A Rhetorical Question

Several times over the last few years, I’ve seen the same question asked in forums ranging from LinkedIn to various blogs, and most recently, on Reddit: “Is Project Management a skill-set or a profession?” Here’s my answer:

Project manager is a role.

Project management is a body of knowledge, skills, and common practices. It is also the application of that intellectual capital.

Those working in a project manager role who pursue the study of project management and work at achieving competence in practicing it, and expect to make a career of managing projects, while following ethical practices and mentoring others, can reasonably call themselves professionals.

But, project management is not a profession, in the classic sense. Project managers are not subject to malpractice suits, in that capacity. Hence, they are not regulated in the same way as practitioners of a learned profession, such as a doctor or lawyer. The New York State Education Department operates the Office of the Professions, charged with licensing practitioners in a lengthy list. From medical, dental, pharmacy, and related fields, to engineers, architects, and even interior decorators, New York maintains standards for licensing a number of professions. Project managers didn’t make the list. I haven’t checked the other 49 states, but I suspect the story would be similar.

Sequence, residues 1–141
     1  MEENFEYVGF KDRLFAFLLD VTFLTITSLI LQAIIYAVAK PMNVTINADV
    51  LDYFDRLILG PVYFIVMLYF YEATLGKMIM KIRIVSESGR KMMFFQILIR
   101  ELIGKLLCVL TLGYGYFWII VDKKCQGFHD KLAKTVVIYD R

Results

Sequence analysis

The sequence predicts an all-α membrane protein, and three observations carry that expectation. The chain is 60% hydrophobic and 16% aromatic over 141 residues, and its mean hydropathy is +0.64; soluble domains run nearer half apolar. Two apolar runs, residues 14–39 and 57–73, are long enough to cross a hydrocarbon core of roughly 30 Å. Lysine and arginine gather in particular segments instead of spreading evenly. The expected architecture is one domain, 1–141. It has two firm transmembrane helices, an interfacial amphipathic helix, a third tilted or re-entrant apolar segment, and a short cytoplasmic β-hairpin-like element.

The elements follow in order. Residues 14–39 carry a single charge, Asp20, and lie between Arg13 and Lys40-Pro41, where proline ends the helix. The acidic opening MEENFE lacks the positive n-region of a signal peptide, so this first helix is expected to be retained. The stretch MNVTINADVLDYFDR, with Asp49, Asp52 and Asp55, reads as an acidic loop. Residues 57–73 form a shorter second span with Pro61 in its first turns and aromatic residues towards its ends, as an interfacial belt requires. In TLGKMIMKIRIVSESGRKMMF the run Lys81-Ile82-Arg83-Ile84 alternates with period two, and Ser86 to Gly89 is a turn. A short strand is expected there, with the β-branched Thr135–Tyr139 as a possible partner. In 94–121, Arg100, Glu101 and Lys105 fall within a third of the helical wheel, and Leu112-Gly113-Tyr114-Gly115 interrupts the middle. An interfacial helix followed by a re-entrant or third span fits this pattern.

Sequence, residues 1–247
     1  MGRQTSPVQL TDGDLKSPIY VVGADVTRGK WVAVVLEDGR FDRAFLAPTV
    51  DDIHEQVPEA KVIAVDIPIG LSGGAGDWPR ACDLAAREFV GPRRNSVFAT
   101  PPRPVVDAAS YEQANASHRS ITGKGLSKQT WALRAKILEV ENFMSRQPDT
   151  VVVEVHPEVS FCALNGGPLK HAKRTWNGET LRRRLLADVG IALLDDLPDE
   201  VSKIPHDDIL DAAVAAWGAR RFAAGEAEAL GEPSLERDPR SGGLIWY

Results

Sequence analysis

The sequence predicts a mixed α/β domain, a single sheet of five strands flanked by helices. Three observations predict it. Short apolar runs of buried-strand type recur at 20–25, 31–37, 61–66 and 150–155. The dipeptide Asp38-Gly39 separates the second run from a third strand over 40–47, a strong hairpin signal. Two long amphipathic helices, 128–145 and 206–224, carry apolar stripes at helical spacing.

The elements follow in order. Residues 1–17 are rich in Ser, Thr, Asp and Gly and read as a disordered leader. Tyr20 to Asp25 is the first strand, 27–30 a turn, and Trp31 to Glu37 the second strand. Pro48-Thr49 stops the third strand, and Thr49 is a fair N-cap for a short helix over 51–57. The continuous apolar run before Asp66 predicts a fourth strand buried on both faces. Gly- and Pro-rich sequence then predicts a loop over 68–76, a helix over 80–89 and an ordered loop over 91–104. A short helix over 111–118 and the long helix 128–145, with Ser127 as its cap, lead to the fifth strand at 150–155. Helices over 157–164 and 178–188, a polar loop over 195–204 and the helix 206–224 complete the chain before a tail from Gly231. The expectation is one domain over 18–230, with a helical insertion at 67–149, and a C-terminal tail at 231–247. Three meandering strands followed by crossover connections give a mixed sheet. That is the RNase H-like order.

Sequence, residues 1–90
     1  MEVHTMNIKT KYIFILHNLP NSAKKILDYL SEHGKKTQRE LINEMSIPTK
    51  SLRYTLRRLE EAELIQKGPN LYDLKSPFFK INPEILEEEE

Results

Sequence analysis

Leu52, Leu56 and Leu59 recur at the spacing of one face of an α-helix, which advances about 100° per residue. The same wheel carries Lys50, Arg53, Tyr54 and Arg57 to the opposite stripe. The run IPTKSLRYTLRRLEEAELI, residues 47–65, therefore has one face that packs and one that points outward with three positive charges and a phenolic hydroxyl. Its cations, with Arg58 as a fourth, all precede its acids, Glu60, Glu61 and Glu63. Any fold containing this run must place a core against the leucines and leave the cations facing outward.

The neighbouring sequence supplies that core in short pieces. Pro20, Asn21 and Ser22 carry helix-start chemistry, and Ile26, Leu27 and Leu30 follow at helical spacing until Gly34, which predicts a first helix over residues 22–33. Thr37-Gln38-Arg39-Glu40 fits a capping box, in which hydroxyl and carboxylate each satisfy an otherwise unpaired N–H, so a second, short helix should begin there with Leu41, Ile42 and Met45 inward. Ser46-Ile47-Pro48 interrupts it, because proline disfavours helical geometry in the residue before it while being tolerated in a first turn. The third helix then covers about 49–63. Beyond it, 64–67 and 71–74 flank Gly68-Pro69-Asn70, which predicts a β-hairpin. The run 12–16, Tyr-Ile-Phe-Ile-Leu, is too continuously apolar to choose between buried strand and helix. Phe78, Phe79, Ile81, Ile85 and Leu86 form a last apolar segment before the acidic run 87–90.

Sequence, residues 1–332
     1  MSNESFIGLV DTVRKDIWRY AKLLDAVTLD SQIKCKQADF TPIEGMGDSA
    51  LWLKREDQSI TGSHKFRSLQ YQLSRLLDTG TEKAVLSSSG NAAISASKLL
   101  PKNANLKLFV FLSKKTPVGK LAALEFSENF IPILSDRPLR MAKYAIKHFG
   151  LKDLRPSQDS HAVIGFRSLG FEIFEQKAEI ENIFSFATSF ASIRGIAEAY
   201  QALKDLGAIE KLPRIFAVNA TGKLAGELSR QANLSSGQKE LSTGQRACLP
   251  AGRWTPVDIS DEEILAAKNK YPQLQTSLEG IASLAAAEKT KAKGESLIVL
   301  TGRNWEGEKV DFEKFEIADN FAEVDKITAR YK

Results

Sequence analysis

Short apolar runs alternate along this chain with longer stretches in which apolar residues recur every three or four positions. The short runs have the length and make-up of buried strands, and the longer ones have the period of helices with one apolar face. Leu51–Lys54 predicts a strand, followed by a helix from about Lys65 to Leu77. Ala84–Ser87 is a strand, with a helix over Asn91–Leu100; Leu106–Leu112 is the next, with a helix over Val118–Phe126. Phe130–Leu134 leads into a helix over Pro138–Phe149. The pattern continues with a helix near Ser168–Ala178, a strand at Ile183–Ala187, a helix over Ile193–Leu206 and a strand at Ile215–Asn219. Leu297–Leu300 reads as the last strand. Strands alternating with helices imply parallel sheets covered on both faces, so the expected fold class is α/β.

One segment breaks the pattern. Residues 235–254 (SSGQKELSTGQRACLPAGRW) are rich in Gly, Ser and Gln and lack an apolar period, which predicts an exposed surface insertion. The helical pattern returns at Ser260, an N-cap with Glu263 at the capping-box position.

So, how can those who do not practice a profession reasonably call themselves professionals? Because the dictionary says they can: a professional is one “following an occupation as a means of livelihood or for gain: a professional builder.”

Reasonable people can disagree, as can unreasonable people and even disagreeable people. If you are any of these, please add your thoughts in a reply, below.

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About Dave Gordon

Dave Gordon is a project manager with over twenty five years of experience in implementing human capital management and payroll systems, including SaaS solutions like Workday and premises-based ERP solutions like PeopleSoft and ADP Enterprise. He has an MS in IT with a concentration in project management, and a BS in Business. He also holds the project management professional (PMP) designation, as well as professional designations in human resources and in benefits administration. In addition to his articles and blog posts, he curates a weekly roundup of articles on project management, and he has authored or contributed to several books on project management.